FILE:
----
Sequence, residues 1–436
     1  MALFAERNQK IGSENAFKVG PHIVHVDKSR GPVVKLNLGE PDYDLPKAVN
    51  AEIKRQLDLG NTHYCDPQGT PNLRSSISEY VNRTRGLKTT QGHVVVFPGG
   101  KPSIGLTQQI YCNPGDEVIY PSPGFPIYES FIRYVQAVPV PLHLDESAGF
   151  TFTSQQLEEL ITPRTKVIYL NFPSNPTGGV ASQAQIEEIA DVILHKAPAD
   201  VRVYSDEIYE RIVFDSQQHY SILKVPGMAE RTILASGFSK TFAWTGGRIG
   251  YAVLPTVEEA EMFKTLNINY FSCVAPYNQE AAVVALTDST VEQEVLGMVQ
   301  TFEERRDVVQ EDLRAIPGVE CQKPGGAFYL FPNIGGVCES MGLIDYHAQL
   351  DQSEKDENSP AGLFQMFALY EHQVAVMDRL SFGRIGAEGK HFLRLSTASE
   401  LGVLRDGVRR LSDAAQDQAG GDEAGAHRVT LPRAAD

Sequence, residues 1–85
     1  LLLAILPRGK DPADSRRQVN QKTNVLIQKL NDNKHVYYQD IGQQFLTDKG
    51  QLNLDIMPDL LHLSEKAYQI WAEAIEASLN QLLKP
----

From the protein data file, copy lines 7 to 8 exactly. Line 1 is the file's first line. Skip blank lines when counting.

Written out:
   251  YAVLPTVEEA EMFKTLNINY FSCVAPYNQE AAVVALTDST VEQEVLGMVQ
   301  TFEERRDVVQ EDLRAIPGVE CQKPGGAFYL FPNIGGVCES MGLIDYHAQL